Overheard at Angus Vol. XII: The art of negotiation

Listen to this tasty morsel of a conversation I eavesdropped on just last week . . .

Producer #1:  How are negotiations going with the actors for NAME OF NEW PLAY?

Producer #2:  I came up with a really good plan for the offers.

Producer #1:  Really? What’s that?

Producer #2:  Instead of giving them one offer, I gave them a choice.  $5,000 flat per week, or $4,000 per week plus a percentage of the gross.

Producer #1:  Interesting.   How did that work out?

Producer #2:  They all wanted $5,000 plus a percentage of the gross.

Offering options in a negotiation always seems like a good idea.  You’re being flexible.  You’re allowing the negotiatee to choose their own fiscal fate . . . more or less risk . . . it’s up to them.

The problem is that once you throw out options . . . people only see the best of both . . . and then they want a hybrid.  In other Angus-like words, they want to order off the menu.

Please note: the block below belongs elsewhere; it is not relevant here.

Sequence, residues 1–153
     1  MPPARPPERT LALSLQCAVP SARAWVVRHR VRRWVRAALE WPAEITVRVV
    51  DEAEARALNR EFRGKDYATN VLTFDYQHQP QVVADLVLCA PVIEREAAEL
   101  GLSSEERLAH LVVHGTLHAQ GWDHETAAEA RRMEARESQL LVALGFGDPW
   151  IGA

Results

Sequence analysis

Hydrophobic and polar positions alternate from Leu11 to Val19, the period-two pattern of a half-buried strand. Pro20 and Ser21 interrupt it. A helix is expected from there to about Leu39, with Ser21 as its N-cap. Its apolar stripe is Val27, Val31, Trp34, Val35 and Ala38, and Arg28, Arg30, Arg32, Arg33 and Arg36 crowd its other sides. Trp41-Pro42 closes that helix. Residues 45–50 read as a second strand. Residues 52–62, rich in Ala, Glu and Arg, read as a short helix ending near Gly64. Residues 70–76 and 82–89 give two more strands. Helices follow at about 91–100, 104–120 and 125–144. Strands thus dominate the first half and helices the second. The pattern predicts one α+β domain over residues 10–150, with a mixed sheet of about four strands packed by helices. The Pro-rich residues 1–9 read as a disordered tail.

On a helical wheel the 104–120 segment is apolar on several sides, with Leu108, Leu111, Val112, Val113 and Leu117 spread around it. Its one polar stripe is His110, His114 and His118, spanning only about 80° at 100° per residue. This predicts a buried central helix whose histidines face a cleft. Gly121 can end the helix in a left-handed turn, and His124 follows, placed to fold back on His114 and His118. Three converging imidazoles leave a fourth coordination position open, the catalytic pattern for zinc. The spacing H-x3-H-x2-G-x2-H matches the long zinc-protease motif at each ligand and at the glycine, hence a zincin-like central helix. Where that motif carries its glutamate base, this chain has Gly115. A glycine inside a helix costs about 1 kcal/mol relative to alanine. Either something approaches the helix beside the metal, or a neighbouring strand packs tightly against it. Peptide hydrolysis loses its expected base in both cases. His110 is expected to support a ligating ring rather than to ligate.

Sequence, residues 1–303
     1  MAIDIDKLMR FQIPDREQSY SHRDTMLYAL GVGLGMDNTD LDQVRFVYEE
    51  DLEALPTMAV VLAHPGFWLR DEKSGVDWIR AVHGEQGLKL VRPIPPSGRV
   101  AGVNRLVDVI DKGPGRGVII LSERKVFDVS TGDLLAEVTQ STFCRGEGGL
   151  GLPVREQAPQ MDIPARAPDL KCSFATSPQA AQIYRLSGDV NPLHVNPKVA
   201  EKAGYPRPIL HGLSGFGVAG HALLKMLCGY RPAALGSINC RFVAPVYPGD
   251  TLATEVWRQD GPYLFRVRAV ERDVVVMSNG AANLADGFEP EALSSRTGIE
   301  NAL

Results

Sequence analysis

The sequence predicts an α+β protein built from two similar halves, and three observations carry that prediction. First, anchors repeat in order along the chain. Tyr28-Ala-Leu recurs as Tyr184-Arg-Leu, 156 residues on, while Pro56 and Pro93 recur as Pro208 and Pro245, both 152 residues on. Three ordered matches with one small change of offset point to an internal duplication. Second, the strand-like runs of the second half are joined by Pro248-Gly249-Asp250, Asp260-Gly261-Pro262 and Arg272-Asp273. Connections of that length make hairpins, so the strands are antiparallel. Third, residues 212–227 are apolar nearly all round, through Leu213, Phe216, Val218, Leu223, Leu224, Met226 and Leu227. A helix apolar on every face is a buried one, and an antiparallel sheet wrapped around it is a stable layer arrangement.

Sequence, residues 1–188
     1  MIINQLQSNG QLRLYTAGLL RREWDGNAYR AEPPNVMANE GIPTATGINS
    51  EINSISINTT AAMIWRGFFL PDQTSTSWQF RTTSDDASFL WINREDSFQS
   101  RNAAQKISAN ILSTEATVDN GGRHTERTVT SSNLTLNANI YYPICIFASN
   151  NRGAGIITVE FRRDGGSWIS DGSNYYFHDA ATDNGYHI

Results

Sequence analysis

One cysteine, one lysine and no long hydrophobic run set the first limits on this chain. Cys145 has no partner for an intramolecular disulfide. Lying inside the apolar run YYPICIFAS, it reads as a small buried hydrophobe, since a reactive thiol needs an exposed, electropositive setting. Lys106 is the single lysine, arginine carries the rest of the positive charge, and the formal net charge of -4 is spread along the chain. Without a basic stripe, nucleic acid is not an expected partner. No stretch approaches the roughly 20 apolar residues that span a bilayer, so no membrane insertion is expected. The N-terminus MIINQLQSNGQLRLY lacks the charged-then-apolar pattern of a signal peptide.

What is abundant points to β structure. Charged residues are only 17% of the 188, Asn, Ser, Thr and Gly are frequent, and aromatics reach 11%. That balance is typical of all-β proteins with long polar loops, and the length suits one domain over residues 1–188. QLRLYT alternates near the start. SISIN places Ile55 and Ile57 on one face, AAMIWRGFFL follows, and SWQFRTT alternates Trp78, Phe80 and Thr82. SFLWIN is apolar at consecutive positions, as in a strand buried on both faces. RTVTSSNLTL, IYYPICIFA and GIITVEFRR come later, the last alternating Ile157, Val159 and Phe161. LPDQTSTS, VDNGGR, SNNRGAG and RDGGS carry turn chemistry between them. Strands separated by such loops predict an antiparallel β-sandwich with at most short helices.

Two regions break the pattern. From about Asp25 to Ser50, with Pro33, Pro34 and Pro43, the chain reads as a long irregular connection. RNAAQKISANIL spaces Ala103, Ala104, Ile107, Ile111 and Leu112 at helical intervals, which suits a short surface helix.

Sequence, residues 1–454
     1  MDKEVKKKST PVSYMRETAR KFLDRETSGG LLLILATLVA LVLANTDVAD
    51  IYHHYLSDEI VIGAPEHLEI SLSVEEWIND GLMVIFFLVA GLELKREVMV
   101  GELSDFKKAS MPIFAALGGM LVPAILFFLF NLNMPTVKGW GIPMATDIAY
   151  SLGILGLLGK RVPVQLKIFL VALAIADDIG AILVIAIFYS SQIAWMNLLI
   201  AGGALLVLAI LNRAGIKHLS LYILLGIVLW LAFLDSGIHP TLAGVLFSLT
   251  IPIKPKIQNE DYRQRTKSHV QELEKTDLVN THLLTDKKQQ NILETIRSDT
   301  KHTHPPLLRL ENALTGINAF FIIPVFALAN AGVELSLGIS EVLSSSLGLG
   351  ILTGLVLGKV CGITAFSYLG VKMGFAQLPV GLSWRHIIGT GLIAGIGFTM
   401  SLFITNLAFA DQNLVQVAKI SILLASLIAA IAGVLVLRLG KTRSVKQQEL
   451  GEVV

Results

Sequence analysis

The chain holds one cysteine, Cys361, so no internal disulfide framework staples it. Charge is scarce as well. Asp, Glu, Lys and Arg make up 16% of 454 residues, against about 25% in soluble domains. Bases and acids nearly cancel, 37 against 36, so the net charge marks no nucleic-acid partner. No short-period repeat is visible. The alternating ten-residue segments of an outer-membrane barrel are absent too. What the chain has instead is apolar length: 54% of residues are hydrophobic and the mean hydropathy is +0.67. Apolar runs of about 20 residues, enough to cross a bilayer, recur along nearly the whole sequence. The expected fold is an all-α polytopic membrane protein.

So, unless you’re willing to say “take-it-or-leave-it”, don’t lay out different paths for your intended to take.  They’ll just see the best of both options and ask for it all.

And then you’ll be on a path to the poor house.

(For a great book on negotiating, check out this classic.)


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Ken created one of the first Broadway podcasts, recording over 250 episodes over 7 years. It features interviews with A-listers in the theater about how they “made it”, including 2 Pulitzer Prize Winners, 7 Academy Award Winners and 76 Tony Award winners. Notable guests include Pasek & Paul, Kenny Leon, Lynn Ahrens and more.